06 May 2005

Belfast Telegraph

School patrol talks in chaos

By Claire Regan
06 May 2005

Confusion was today hanging over a meeting of education bosses in Belfast after it was claimed that a controversial decision on the future of lollipop services is not due to be discussed as planned.

Members of the Belfast Education and Library Board (BELB) are to meet this morning to conclude a meeting on proposals to axe dozens of patrols across the city after it was abandoned last Thursday when four councillors walked out.

It was expected that the minutes of the general purposes and finance committee, which were being discussed at the time of the walk-out, would be either rubber-stamped or rejected at today's meeting.

The proposals, which have caused public outrage, include cuts to 54 lunchtime patrols along with 14 at post-primary schools and 38 on roads where there is also a pelican crossing or traffic lights.

But according to BELB vice chairman Jim Rodgers, notification of the agenda received by members does not include any mention of the matter.

The Ulster Unionist, one of the councillors who walked out leaving the meeting with too few members to continue, has sought legal advice on where the matter stands.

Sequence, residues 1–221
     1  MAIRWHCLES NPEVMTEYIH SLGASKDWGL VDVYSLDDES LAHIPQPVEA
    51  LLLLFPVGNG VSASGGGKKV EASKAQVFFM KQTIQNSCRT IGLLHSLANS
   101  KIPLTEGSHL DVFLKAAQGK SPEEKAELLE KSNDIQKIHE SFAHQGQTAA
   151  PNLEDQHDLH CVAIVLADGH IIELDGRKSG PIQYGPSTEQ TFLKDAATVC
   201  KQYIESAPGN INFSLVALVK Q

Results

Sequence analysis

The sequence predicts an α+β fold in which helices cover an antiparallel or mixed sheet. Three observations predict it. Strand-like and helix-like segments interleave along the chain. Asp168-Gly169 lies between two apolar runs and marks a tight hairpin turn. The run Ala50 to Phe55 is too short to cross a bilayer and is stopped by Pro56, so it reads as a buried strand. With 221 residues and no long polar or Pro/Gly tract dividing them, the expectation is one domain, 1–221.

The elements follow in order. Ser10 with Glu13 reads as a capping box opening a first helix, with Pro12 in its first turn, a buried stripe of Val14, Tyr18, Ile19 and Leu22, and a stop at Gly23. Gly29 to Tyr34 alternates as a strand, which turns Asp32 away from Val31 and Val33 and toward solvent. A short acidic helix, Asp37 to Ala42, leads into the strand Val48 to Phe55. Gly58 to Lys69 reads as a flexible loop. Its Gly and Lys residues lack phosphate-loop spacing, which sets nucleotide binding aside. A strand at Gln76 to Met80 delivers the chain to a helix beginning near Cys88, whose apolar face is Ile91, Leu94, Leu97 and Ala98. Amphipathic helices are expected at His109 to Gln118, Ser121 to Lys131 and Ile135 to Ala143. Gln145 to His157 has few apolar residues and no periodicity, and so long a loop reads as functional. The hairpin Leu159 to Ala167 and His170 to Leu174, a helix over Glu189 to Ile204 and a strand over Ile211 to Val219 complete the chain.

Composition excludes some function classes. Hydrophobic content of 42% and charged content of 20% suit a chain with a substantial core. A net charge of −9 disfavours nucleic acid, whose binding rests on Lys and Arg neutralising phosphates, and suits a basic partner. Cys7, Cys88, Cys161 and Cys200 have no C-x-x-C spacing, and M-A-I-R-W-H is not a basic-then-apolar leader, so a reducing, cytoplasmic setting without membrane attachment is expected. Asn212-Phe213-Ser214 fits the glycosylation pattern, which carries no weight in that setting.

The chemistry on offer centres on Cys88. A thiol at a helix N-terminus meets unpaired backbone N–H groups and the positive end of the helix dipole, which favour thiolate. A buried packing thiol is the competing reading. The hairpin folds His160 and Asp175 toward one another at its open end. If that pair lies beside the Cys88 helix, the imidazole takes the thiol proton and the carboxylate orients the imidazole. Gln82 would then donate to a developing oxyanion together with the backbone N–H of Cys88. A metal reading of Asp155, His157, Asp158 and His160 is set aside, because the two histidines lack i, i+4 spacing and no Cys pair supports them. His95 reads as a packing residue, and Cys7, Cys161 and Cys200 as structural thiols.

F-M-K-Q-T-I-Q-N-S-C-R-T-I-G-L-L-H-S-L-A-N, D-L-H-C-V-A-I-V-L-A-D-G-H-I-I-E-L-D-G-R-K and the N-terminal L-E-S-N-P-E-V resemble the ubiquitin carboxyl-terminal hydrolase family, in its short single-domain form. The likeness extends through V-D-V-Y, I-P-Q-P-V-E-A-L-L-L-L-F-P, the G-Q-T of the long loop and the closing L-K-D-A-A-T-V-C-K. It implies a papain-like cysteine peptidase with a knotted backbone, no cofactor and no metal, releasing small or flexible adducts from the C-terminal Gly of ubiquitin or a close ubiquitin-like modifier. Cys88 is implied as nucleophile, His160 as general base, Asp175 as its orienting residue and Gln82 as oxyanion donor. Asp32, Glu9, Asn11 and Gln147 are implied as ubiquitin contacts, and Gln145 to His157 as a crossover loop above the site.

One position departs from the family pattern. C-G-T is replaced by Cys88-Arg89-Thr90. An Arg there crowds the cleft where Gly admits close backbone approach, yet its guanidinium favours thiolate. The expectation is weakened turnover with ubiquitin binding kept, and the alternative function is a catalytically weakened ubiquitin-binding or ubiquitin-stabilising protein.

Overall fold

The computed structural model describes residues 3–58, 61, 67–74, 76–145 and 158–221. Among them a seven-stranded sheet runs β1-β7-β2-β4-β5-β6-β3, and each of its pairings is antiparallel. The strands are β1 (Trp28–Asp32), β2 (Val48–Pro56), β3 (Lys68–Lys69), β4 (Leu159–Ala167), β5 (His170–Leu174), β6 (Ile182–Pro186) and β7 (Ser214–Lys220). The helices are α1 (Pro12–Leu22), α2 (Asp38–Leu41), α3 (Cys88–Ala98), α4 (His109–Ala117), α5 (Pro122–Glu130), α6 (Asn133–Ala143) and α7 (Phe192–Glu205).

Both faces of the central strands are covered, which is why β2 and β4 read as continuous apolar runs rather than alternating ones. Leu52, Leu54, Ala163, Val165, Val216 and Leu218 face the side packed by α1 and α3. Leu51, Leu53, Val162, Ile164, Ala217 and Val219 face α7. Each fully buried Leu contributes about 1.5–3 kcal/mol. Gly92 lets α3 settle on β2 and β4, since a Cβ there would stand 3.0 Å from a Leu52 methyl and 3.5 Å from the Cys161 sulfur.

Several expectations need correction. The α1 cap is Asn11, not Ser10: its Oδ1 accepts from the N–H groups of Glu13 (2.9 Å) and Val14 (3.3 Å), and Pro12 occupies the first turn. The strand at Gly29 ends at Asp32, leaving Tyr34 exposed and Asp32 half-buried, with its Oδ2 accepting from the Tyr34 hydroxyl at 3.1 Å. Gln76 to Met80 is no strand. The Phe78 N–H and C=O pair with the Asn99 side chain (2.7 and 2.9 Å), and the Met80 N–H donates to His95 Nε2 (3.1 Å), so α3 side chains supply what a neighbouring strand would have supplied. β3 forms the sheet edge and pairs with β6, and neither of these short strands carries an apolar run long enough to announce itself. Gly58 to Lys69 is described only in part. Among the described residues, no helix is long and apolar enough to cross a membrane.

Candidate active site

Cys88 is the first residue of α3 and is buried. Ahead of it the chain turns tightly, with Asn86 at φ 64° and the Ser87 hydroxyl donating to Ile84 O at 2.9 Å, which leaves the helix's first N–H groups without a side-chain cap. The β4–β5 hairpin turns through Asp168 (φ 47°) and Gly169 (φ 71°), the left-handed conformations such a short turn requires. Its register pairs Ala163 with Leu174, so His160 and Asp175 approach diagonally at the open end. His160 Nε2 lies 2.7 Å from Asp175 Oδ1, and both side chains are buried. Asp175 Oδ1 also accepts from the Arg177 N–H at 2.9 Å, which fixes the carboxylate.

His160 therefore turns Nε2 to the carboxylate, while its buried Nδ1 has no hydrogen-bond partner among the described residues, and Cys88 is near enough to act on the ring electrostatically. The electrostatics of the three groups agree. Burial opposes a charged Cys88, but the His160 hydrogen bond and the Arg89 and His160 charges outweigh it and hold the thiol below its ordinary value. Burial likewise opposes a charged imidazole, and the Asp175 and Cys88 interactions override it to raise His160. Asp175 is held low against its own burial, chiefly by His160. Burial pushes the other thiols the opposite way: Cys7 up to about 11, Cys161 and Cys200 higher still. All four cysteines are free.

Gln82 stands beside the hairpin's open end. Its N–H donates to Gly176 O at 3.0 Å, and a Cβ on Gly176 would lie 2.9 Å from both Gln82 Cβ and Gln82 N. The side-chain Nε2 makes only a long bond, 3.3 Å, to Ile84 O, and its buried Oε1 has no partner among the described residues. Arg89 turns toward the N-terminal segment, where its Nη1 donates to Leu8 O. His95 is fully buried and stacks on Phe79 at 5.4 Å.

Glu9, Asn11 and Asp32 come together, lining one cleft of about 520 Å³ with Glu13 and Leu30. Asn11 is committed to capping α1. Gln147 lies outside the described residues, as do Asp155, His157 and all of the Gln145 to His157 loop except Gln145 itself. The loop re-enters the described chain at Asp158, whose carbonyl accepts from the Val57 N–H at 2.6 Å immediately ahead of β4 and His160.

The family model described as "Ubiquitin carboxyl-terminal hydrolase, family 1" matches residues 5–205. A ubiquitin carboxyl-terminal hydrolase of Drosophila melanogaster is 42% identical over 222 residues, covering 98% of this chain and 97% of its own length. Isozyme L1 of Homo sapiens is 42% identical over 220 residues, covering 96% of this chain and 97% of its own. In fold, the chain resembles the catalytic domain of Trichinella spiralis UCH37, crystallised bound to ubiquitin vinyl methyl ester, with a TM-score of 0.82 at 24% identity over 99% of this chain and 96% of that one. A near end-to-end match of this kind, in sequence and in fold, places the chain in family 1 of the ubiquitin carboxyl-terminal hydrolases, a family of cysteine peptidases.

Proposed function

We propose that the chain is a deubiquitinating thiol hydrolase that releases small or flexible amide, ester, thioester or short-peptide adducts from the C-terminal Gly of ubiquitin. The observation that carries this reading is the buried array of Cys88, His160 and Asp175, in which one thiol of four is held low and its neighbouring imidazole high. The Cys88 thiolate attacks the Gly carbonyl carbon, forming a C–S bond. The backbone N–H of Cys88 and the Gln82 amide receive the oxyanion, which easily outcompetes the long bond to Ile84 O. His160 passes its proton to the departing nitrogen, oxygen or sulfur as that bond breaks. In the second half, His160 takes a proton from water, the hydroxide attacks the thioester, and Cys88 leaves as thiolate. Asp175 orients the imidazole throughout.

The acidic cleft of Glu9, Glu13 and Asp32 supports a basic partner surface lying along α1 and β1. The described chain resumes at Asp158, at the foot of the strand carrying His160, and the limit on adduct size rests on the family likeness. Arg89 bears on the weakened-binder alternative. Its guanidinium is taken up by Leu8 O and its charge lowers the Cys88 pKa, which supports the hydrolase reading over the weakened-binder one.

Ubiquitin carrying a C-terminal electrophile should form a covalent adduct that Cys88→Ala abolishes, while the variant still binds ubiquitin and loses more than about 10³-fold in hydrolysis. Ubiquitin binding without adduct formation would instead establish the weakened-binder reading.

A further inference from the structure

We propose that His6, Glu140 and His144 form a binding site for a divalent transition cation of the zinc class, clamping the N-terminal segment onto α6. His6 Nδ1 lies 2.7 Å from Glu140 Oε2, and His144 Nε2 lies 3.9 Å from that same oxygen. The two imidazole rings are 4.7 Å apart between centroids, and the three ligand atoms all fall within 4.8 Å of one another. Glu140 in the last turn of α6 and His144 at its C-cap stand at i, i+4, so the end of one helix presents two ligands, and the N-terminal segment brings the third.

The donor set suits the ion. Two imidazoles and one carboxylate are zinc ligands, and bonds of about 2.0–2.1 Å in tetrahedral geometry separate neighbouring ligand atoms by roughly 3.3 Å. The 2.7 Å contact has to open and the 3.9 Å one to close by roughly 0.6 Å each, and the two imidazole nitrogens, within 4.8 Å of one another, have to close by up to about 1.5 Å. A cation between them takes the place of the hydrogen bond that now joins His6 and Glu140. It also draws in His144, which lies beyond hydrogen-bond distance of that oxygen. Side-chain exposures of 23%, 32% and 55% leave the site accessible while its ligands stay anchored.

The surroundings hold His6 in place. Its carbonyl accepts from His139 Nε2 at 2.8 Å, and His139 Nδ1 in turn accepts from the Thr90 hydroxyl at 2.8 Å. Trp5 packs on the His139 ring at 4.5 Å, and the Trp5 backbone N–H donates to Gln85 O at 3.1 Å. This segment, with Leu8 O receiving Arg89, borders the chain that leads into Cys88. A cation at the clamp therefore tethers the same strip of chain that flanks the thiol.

"The discussion on the proposed cuts to the school crossing patrol service was not completed when the meeting was stopped," he said.

"I have taken legal advice and my understanding is that when the meeting resumes, it has to take up where it left off. We're not finished - this issue is not just dead and buried.

"A proposal I had on the floor to reject the cuts, that was never voted on, still stands. Clearly a problem has arisen."

The Belfast Telegraph is planning to hand over the remaining petitions signed by readers in response to the Save Our Lollipop Service at this morning's meeting. We presented members with 2,630 signatures at last week's meeting. That total has now grown to over 3,600.

The campaign was launched by this paper in response to public disquiet over plans which were drawn up in a bid to save almost £300,000 as part of a package of cuts of almost £7m reluctantly passed by BELB to cope with a budget shortfall imposed by the Department of Education. The total stripped from services across the five education boards hit £30m.

Politicians, road safety experts, leading trade unions, school leaders, lollipop people and parents' groups have joined our calls for members to abandon the proposals.

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